SPANISH ARTIST SOCIAL ACTIVISM URBAN LIFE
Spanish artist Marisa González’s 2010 project, “Female (Open) Space Invaders” documents the lives of Filipino migrants in Hong Kong. Her photographs capture how these migrant women reconstruct urban spaces to form social communities unique to Hong Kong.
Marisa González’s project received a lot of attention at the 2010 edition of This Is Not a Gateway, a London festival that brings together professionals from a wide range of disciplines to speak on issues of contemporary urban life around the world. The organisers of the festival also publish a book, Critical Cities, now in its third volume. In this edition a chapter will be dedicated to González’s project.
In the book, they present my work as something to think about in sociological terms, in an urbanistic way, because in the photographs you can see people sitting in the middle of street, stopping the traffic, and having picnics, sleeping, building boxes to sit in, praying, singing, dancing. Each person transports their habits from their home towns to Hong Kong.
The project even attracted the attention of renowned British architect, Sir Norman Foster, who was responsible for the design of the HSBC Main Building in Hong Kong, one of the buildings under which Filipino workers congregate on Sundays. “When I showed him the book he said that he wanted to know more about the project because it was really something amazing, something absolutely new,” explained González.
At ARCOmadrid in February 2012, Marisa talked with Art Radar Editor Kate Nicholson about her Hong Kong project.
Where would you begin if you wished to introduce this project to Art Radar readers?
[In the book that supports this project] you can see the parts of the project that document the lives of the Filipino women that come to Hong Kong to work as domestic helpers. There are estimated to be between 100,000 and almost 200,000 of these women working in Hong Kong. Only women. Men are not offered work contracts. These women live in the houses of their employers, and on Sundays they head downtown and they literally occupy the city. The important thing in terms of sociology is that the financial district and commercial district of Hong Kong is transformed, absolutely changed, each Sunday. The women sit, sing, dance, pray, eat… they all meet together.
You often photograph what look likes recruitment advertisements? Can you explain the purpose of these advertisements?
Yes, they are recruitment advertisements that are displayed in Manila, in the Philippines. They ask for domestic helpers to work in Hong Kong. There are requirements for the role: only females can apply, for example.
Part of the project focuses on how the women travel downtown from their places of residence, for example, by boat, and what they do once they get there. All the women sit in the middle of the street and the traffic is stopped for them.
So the traffic is prevented from entering the area on Sundays?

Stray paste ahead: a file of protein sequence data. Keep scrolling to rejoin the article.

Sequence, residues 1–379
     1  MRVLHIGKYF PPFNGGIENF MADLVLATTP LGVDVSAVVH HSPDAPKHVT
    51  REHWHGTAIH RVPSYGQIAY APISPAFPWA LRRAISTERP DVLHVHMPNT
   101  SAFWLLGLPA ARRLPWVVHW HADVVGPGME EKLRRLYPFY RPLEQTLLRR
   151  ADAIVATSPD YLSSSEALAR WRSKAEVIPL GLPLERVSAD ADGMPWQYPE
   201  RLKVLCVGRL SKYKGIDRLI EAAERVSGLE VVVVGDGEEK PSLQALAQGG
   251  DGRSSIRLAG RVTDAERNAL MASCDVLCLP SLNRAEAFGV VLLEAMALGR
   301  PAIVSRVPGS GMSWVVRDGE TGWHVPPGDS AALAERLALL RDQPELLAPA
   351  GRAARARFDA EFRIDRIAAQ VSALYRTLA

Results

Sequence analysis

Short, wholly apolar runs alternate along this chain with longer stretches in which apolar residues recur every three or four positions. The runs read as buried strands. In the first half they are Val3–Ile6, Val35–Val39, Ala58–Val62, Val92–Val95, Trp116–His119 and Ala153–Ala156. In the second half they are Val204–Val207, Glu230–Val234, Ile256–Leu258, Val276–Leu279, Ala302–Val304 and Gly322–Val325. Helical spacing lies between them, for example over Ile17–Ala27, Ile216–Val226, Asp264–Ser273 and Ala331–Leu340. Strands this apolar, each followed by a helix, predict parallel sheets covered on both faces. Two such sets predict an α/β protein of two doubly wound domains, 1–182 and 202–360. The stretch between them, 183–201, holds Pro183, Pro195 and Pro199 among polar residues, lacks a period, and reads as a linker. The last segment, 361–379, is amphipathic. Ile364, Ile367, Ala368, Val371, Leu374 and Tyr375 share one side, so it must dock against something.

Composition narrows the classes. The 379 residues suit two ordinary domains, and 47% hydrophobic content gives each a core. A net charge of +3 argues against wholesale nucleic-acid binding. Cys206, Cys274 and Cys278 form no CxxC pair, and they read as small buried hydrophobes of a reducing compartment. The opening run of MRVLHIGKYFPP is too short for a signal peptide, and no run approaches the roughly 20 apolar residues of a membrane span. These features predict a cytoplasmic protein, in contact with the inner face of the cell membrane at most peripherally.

The traffic lights remain red, yes, so that the workers can sit in the middle of the street. Sunday is their only day off so they use it to socialise: the women dance outside the store fronts of high-end designer brands – Salvatore Ferragamo, Yves Saint Laurent; they eat their lunch in front of Prada and Armani. They come to Hong Kong because, first of all, it is the closest centre to the Philippines, and, secondly, it is one of the richest cities in the Asian region.
Why does this subject interest you?
Because it’s such a different way to occupy a city, particularly a financially-focused city like Hong Kong. It’s so unusual. The space they occupy is so limited that the women choose to build boxes in which they sit in small intimate groups with their family, their friends. They leave their shoes outside of the box, inside they play cards, they pray, they do everything, eat lunch…
Would you say that you use photography as social documentary?
It is a testimony, yes, a social documentary.
How do you choose what to document?
I was very interested in the way that the women build these boxes, in how they stitch the sides together so neatly. The workers are, quite literally, asleep on the street, in the middle of everyone, and all the passers-by, they can see what would usually be quite intimate acts.
And the walls of these boxes are not tall enough to block the actions of each group from the eyes of passers-by?
No, you can easily see inside each box. One woman that I photographed was looking at an advertisement that offered work in Canada, others were reading, playing Bingo, eating, celebrating, watching TV… everything. The workers do all this in the middle of the street. I interviewed some of the women and they told me that during the week they wake up at 5:30am and go to bed at 11pm; they said that they are tired all day and that’s why, when they come to this part of the city on Sunday, the only thing they want to do is to sit down all day and enjoy the fact that no one will be calling on them to do something.